The Creeping Influence of Corn-Tortilla Lovers

For Lily Ramirez-Foran, corn tortillas are to Mexico what potatoes are to Ireland.

When she moved here 16 years ago, she faced serious withdrawal. There was nowhere to get fresh, authentic corn tortillas, a difficult adjustment for the daughter of a tortilla baker.

There are the processed, wheat ones, but they’re a different species from fresh corn ones – like fresh bread from a bakery compared to bread from a supermarket, she says.

Nowadays, though, things have changed.

It’s possible to get fresh, authentic corn tortillas in Dublin.

Ramirez-Foran has ample supplies in her Picado Mexican Pantry on Richmond Street, and through regular classes in her in-store kitchen, she’s spreading the love, and trying to get people to understand why they’re so good.

But she’s not the only one. Phil Martin of Blanco Niño is providing traditionally-made corn tortillas to eateries around the city.

Authentic Tortillas

More than a decade ago, Ramirez-Foran got her family to send some tortillas to her here from Mexico. But that proved expensive and, because traditional corn tortillas don’t have any preservatives, they lost some of their goodness on the journey.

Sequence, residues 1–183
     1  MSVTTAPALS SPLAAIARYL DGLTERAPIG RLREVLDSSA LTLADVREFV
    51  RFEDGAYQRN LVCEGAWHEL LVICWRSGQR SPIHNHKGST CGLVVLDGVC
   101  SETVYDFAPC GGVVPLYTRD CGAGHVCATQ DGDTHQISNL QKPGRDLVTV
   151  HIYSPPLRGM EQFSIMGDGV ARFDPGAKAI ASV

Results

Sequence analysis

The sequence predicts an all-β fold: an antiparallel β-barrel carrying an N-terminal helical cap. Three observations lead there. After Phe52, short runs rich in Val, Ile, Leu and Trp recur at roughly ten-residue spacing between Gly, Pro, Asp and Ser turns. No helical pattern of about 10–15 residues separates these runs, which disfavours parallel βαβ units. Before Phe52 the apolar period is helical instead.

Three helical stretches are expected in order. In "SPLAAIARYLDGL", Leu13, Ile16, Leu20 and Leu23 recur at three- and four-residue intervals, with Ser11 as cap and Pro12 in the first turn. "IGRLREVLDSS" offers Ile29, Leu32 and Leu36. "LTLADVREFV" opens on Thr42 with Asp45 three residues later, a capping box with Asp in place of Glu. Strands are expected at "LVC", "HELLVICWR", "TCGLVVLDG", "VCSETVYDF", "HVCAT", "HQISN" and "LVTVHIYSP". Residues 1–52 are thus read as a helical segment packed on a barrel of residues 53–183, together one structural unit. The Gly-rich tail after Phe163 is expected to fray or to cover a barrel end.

So she came up with other options.

First, she learned how to make her own at home with a mixture of water, Maseca corn flour and salt, and the assistance of a tortilla press. Now she shows her customers how to do it too.

“There’s no comparison,” she says. “Like anything homemade, it’s way better than from the factory.”

For those days when customers are stuck for time, she also sells vacuum-packed corn tortillas, which she gets in fortnightly from her aunt’s tortilla factory in Barcelona. They’re made following the method her grandfather used in Mexico.

They have no additives, so they go stale after a week or so. If they’re left exposed to the air, the edges will dry and crack within 20 minutes.

“I’m very proud it goes off,” she says. “It shows there’s no preservatives.”

She makes sure all her customers know to keep their tortillas in airtight packaging, and not to treat them the same way they’d treat store-bought wheat tortillas.

A Wider Market

Phil Martin also has a passion for authentic Mexican tortillas.

When he set up Little Ass Burrito Bar, he wanted to serve fresh corn tortillas to his customers. He originally made them on a small scale, but soon decided that to produce a consistent product, he’d have to go bigger.

“Nearly by necessity, we had to do it,” he says. “And to get the tortillas down to a reasonable cost, we had to export.”

After a successful crowdfunding campaign, which earned £123,000, he explored Mexico to learn the best methods of making tortillas. In 2013, he set up Blanco Niño in Clonmel to produce them. (Yes, that translates to “white boy”. It’s a name inspired by his travels around Mexico.)

Since then, Blanco Niño has started to export to the UK, Germany, Luxembourg, the Netherlands and Finland. There are plans to launch it soon in Sweden, France and Spain.

At the moment, Martin’s tortillas and tortilla chips are only sold to hotels, bars and restaurants. “Mexican restaurant owners know the difference,” he says.